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Secretary Chu to tour Pacific Northwest National Laboratory

August 07, 2009 Share This!

Visit to cover science & advancements in carbon sequestration, smart grid

  • Energy Secretary Steven Chu (middle) discusses with PNNL's Kevin Rosso (left) how high-powered nuclear magnetic resonance spectrometers are being used to understand geochemical processes needed for effective carbon capture and sequestration. They toured the NMR facilities in the Environmental Molecular Sciences Laboratory during Chu's visit to Pacific Northwest National Laboratory on Aug. 10, 2009.

  • Energy Secretary Steven Chu hears about PNNL's Grid-Friendly Appliancer Controller and how it was demonstrated on Washington's Olympic Peninsula during his visit to Pacific Northwest National Laboratory on Aug. 10, 2009.

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RICHLAND, Wash. –  

U.S. Energy Secretary Steven Chu will tour environmental molecular science facilities and a power grid test bed at Pacific Northwest National Laboratory on Monday during a visit to Washington state.

While at PNNL, Chu will discuss his vision for U.S. energy research, development and policy with about 300 Laboratory staff. He'll also receive briefings on PNNL's research related to carbon sequestration, catalysis, subsurface science, the smart grid and nonproliferation, among other topics.

PNNL is one of DOE's nine multiprogram national laboratories and as such performs transformational research to advance the frontiers of science and delivers solutions for complex national and global challenges in energy, environment and national security.

"We're eager for Secretary Chu to interact with our technical staff and hear directly from them about their science," said PNNL Director Mike Kluse. "It's an exciting time for PNNL. We're engaging in transformational science critical to our nation. And, we're building on our already strong reputation for moving research from the lab into the marketplace."

Tour stops
Chu will tour EMSL, DOE's Environmental Molecular Sciences Laboratory, a national scientific user facility where researchers from around the world conduct molecular systems science in biological, chemical and environmental research related to environmental and energy challenges. In EMSL, researchers are using advanced instruments such as nuclear magnetic resonance spectrometers - similar to magnetic resonance imagers in hospitals - to understand geochemical processes critical to carbon sequestration.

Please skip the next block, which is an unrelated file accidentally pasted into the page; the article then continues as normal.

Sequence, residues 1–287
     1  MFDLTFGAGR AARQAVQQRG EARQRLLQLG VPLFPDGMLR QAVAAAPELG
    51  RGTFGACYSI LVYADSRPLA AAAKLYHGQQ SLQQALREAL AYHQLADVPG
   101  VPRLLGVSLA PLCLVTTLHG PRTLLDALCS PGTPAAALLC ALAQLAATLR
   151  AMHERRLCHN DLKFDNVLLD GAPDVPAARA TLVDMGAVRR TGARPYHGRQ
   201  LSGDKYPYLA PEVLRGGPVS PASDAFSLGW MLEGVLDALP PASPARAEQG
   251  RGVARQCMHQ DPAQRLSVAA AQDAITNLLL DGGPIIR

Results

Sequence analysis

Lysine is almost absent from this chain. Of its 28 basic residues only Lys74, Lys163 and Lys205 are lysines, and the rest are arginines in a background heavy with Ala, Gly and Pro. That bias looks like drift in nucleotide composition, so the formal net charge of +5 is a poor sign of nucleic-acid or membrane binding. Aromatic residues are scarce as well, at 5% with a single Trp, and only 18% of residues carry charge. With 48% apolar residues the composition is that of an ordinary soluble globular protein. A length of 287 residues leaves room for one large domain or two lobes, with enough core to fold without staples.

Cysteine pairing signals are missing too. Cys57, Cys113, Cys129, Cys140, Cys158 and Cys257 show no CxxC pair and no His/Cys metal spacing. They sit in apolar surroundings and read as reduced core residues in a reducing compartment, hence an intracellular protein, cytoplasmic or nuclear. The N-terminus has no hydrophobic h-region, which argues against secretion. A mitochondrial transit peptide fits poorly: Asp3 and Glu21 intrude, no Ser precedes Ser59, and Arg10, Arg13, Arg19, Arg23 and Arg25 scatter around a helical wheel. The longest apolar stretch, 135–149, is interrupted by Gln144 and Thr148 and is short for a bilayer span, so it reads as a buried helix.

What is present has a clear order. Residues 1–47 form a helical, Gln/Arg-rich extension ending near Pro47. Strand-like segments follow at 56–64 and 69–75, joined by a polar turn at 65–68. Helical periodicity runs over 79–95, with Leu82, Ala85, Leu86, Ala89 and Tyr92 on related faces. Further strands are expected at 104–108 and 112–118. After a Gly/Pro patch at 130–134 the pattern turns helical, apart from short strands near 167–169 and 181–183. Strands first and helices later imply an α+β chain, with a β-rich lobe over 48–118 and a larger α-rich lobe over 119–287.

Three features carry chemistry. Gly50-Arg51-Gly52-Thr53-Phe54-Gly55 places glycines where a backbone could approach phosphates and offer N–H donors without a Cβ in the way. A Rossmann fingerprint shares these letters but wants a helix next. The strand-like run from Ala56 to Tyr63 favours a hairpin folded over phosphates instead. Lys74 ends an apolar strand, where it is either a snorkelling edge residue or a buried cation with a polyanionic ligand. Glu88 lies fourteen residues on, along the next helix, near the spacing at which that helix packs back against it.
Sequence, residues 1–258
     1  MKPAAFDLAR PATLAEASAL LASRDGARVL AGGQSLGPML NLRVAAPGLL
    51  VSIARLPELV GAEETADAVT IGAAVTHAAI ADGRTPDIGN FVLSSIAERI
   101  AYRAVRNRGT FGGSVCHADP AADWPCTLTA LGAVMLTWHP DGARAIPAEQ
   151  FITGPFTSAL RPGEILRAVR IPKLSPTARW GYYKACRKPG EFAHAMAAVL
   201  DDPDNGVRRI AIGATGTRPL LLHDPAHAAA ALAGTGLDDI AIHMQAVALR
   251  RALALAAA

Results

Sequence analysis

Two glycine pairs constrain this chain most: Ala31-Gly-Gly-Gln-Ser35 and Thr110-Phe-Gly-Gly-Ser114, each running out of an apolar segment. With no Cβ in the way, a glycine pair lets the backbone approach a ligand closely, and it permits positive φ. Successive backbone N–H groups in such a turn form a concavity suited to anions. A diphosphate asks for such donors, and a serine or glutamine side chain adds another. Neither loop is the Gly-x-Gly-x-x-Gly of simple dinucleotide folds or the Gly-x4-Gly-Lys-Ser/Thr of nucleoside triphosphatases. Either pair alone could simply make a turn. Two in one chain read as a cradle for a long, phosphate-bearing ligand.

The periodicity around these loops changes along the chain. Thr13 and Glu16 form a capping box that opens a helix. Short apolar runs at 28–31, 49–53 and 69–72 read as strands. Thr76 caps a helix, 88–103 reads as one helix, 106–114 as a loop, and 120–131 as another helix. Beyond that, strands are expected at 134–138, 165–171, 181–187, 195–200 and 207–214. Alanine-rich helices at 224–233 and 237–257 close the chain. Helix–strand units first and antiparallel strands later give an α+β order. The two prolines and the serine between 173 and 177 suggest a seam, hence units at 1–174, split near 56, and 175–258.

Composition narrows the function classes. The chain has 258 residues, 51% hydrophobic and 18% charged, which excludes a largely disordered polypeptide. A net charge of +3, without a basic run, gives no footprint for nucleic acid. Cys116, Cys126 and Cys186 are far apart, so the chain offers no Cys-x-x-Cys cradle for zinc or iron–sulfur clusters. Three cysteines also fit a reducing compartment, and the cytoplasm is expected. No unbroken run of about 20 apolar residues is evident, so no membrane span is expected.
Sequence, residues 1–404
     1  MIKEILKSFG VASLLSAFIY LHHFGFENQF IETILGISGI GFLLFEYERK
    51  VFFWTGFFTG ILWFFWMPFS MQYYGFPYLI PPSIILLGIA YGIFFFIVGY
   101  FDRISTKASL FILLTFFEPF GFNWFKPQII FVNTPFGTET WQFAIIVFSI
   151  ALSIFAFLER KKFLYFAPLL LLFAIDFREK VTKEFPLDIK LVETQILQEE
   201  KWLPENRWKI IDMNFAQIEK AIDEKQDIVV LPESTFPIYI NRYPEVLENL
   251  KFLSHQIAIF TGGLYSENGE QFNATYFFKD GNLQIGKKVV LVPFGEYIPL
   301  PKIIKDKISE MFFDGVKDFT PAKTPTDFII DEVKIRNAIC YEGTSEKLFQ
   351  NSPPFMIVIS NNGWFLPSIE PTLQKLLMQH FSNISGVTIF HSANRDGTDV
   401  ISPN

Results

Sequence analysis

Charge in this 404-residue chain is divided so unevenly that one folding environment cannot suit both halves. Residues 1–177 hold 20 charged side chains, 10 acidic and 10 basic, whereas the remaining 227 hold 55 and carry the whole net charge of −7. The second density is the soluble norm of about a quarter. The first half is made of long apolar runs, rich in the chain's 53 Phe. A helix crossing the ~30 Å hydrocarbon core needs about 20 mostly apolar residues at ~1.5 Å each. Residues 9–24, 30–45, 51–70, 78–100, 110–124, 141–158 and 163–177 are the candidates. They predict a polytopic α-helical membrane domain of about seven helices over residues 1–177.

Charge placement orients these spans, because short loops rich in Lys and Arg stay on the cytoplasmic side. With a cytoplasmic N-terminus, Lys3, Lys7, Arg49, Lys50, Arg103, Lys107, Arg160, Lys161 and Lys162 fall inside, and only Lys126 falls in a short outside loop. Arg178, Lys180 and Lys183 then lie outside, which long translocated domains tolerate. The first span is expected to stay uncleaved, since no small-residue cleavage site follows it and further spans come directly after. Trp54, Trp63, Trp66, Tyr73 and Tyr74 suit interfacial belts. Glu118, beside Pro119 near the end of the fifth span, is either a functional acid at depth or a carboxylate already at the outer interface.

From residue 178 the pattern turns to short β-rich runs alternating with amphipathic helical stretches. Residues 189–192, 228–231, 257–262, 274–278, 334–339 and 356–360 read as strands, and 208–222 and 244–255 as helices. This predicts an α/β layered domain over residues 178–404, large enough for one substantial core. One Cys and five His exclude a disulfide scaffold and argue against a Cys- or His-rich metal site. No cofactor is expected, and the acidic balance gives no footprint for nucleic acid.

He'll also tour the Electricity Infrastructure Operations Center (EIOC), a unique center where PNNL researchers are deploying novel real-time mathematical and computational science that can improve power grid management and control. The EIOC is a fully functional energy system control room with computing, networking and analysis capabilities focused on bringing control of the power grid from minutes to seconds. PNNL is drawing upon its computational and visualization science to develop technologies that will be transferable to industry and are critical to achieving the vision for a "smart grid." As part of its electrical infrastructure research, PNNL also is developing new information visualization technologies that could transform planning and operations of the grid.

On the international front, PNNL is actively engaged with North China Electric Power University and China Southern Power Grid to jointly evaluate and potentially develop real-time power grid situational awareness and control technologies.

The PNNL tour is Chu's first visit to PNNL. Before taking office in January 2009, Chu was a professor of physics and molecular and cellular biology at the University of California, Berkeley and the director of the Lawrence Berkeley National Laboratory for nearly five years. He received a Nobel Prize in Physics in 1997.

Tags: Energy, Environment, Fundamental Science, Computational Science, National Security, EMSL, Operations, Smart Grid, Subsurface Science, Biology, Catalysis, Facilities

Interdisciplinary teams at Pacific Northwest National Laboratory address many of America's most pressing issues in energy, the environment and national security through advances in basic and applied science. Founded in 1965, PNNL employs 4,300 staff and has an annual budget of about $950 million. It is managed by Battelle for the U.S. Department of Energy. For more information, visit the PNNL News Center, or follow PNNL on Facebook, Google+, LinkedIn and Twitter.

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